ANALYSIS:The latest OneRoof House Price Report figures show the nationwide average property value fell by 2.9% in the three months to the end of June. Not all regions have dipped, with Canterbury’s average property value up 2.1% over the quarter and Taranaki’s up 1.4%. And some regions have fallen further than others, with the average property value in Greater Wellington down 8.3% over the same period.
Few homeowners will be happy about the sudden shift in the direction of the housing market, but just as increases in the value of your home don’t necessarily add dollars to your bank account, decreases won’t necessarily drain your bank account either. Falling values are only an issue for those homeowners looking to sell soon. Remember, it’s only a loss or gain on paper until you sell.
However, one concern recent buyers may have is whether or not banks will charge additional fees if their mortgage goes from low risk to high risk.
Lenders – and the Reserve Bank of New Zealand – generally view a mortgage as “low risk” if the total mortgage on a property is less than 80% of the property’s value (less than 80% Loan to Value Ratio). Besides only having limited funds to lend to higher-risk mortgages, lenders also add additional costs to compensate them for taking this risk. They do this in two ways. Some banks charge a one-off fee (commonly referred to as a Low Equity Fee or LEF), while others charge a slightly higher interest rate (commonly referred to as adding a Low Equity Margin or LEM). For new homeowners, there are circumstances where a LEF is better -such as if the house value is above 80% the threshold for more than a year – and times when a LEM is a better option. Recently, buyers have just had to settle for whichever bank will lend them more than 80% regardless of how they charge for the pleasure.
Regardless, most low deposit borrowers in the past few years have had to pay either this one-off fee or suffer the additional interest rate until their lending has dropped below the magical 80% LVR threshold.
So now, with house values declining, will homeowners who were just below the 80% threshold now be forced to pay additional costs? For example, would someone who borrowed $800,000 to buy a $1m property in Wellington last year be at risk if their house is now worth $917,000 and their mortgage is at 87% LVR? An additional 0.75% Low Equity Margin on top of what could be a 5.35% interest rate would be quite a knock to their finances especially if they were coming off a 2.19% rate.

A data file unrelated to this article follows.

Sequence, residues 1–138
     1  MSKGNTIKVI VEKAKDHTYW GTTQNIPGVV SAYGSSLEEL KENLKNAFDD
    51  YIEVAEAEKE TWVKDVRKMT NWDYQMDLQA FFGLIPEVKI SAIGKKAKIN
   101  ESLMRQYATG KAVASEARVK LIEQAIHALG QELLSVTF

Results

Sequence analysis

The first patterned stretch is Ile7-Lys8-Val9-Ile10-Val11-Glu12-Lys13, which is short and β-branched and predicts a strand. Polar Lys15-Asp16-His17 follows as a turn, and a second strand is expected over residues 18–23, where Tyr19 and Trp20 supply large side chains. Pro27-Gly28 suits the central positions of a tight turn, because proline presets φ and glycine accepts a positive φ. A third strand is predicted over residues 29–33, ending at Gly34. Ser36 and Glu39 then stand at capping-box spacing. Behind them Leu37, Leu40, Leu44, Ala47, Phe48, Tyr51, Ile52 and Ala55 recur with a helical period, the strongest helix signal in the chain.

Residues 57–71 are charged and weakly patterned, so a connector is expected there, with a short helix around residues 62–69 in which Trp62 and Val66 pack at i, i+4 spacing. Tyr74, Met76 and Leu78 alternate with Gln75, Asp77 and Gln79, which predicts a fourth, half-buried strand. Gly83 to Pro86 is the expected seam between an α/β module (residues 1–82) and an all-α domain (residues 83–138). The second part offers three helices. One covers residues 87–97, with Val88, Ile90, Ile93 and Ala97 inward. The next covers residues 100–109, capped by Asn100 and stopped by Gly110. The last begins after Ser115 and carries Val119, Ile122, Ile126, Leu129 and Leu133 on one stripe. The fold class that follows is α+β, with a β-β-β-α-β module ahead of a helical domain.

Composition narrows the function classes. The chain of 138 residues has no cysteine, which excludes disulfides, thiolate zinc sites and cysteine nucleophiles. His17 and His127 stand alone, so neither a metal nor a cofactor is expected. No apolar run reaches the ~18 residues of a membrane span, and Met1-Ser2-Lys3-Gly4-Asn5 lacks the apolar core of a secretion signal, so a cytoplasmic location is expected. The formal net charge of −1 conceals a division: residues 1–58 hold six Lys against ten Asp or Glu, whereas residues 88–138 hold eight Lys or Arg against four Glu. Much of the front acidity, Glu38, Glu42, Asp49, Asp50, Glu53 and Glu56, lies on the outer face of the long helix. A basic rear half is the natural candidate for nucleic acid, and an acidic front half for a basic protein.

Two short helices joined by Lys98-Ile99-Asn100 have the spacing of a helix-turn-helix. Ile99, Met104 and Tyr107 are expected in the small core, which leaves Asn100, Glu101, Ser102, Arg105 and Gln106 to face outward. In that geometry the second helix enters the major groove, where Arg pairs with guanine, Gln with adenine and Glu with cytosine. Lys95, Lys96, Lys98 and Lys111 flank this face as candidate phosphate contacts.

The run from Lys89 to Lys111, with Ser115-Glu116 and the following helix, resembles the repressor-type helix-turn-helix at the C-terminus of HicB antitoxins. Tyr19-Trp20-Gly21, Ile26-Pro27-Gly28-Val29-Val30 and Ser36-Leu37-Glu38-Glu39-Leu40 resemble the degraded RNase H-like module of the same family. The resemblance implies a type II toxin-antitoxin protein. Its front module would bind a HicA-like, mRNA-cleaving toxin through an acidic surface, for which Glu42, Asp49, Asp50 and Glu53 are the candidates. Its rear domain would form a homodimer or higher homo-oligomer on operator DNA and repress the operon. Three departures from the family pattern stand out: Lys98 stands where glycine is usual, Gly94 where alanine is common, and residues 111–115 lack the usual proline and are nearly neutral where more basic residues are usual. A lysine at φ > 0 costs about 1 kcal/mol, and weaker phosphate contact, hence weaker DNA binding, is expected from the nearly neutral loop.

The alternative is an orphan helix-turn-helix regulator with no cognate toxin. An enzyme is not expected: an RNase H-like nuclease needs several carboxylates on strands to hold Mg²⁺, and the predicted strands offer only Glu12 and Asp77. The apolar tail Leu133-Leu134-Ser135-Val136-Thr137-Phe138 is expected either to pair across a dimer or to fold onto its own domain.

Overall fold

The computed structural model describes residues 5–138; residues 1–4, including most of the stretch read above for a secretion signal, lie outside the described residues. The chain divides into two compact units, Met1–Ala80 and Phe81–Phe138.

To guess how the banks will respond, we can look at how they have acted in the past. In recent years, when a customer’s LVR has moved from 90% to 80%, the banks haven’t always automatically removed the Low Equity Margin; they have usually required someone to review the loan manually. Cynics might say this is because leaving the additional interest charges there earns the bank extra income. In other words, the banks occasionally charge an additional margin on interest rates even though the property is low-risk.
A less cynical view would be that nailing down a value on a property is quite hard, particularly in a volatile market, and incorporating an automatic interest margin could get messy. For example, imagine trying to pay a mortgage when the LEM was turned off one month, only to come back the next month, only to turn it off again the following month. Values can move around significantly from month to month. An automated process could be worse than asking for the margin to be removed manually.
So if the LEM needs to be manually turned off upon request, it seems logical to need to be turned on again by request. In other words, if your mortgage was below 80% LVR and now, as a result of the value of your house falling, has gone above 80%, you’re not automatically going to have to pay a Low Equity Margin (or worse, a Low Equity Fee which could be $5,000 or more)… unless you specifically ask for it.
Furthermore, the banks are unlikely to want to put financial pressure on their customers. Homeowners face interest rates that have increased by 3% per annum in a year. Adding a further 0.25% to 0.75% per annum could push people to refinance with a lender that only charges a one-off fee.
In short, the risk of low-equity margins and fees being charged to current homeowners seems unlikely. Homebuyers who bought in the past year can, at least, cross that off their list of things to worry about.
– Rupert Gough is the founder and CEO of Mortgage Lab and author of The Successful First Home Buyer.